Power of Attorney Form

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A power of attorney (POA) form is a legal document that allows an individual (the “principal”) to appoint someone they trust (an “agent”) to manage their affairs if they are unable to do so.

You can use power of attorney to have someone make legal decisions on your behalf temporarily, or to ensure choices about your money and health care are made in your best interest if you become “incapacitated” (unable to make your own decisions due to injury or disability).

If you become incapacitated without assigning power of attorney, a loved one or family member would need to obtain guardianship from a court in order to help with your affairs.

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 What is Power of Attorney?

Power of attorney is the legal authority to act for someone else. An individual (the “principal”) chooses another person (the “agent” or “attorney-in-fact”) to have the power to make certain decisions for them.

For example, elderly or sick parents may give power of attorney to a child or loved one, so this trusted person can carry out their financial affairs, handle estate planning, and make medical decisions if they become unable to (e.g., if they get dementia or become terminally ill).

How Do I Get Power of Attorney?

Here’s how to obtain power of attorney:

  1. First, the principal decides whether they want to give someone power of attorney, and if so, who do they want their agent to be. At this stage, it’s important for both parties to communicate fully, and for the principal to understand the consequences of giving legal power to a representative.
  2. Next, the principal defines what the power of attorney is for, and whether it is general, medical, or for specific tasks. They also need to clarify when they wish the agent to start (and stop) acting on their behalf.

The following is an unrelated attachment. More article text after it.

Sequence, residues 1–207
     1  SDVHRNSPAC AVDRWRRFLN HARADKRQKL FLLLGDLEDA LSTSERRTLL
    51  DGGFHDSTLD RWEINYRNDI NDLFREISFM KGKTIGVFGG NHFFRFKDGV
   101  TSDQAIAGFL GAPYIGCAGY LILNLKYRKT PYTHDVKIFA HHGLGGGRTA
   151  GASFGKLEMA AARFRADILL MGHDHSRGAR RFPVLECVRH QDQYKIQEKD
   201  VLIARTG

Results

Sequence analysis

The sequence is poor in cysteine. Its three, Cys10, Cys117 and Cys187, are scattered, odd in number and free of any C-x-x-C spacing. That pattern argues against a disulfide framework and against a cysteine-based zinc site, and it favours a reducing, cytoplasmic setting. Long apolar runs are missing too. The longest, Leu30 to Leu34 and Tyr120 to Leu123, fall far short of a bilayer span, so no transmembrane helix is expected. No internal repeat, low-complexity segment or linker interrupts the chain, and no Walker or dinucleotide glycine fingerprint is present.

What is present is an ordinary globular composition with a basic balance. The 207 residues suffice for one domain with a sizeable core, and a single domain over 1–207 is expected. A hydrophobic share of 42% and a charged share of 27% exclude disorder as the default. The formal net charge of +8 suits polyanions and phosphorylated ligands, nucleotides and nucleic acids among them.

3. To set up power of attorney, both parties fill out a power of attorney form and sign.

Where Can I Get a Power of Attorney Form?

You can get a power of attorney form from the following places:

  • your state government offices or websites (e.g., the Department of Health Services)
  • your lawyer
  • our selection of state-specific power of attorney forms
  • our online power of attorney form builder

You can also pick up a power of attorney form from your local bank. Many banks and financial institutions have durable power of attorney forms available.

2. How to Fill Out a Blank Power of Attorney Form

Follow these steps to learn how to write a power of attorney form using our general/financial power of attorney document as an example, and complete all your power of attorney paperwork by yourself without hiring a lawyer:

Step 1: Designate an Agent

Filling Out a Power of Attorney Form Step 1: Designate an Agent

First, write your name and address at the top of the general power of attorney form (you are the principal). Then, write the name and address of the trusted individual you choose to be your agent/attorney-in-fact.

On this part of the form, you can also nominate a second person to be your agent if the first is unwilling or unable to.

Step 2: Grant General Authority and Specific Authority

The second part of the document allows you to choose which powers you give your agent and decide which decisions they can make for you.

First, write your initials next to the subjects you’d like to give general authority over, allowing your agent to make overall decisions on your behalf:

Filling out a Power of Attorney Form Step 2: Grant General Authority

Next, initial the subjects you’d like to give specific authority over. This means that your agent cannot handle these important and sensitive affairs unless you initial them here: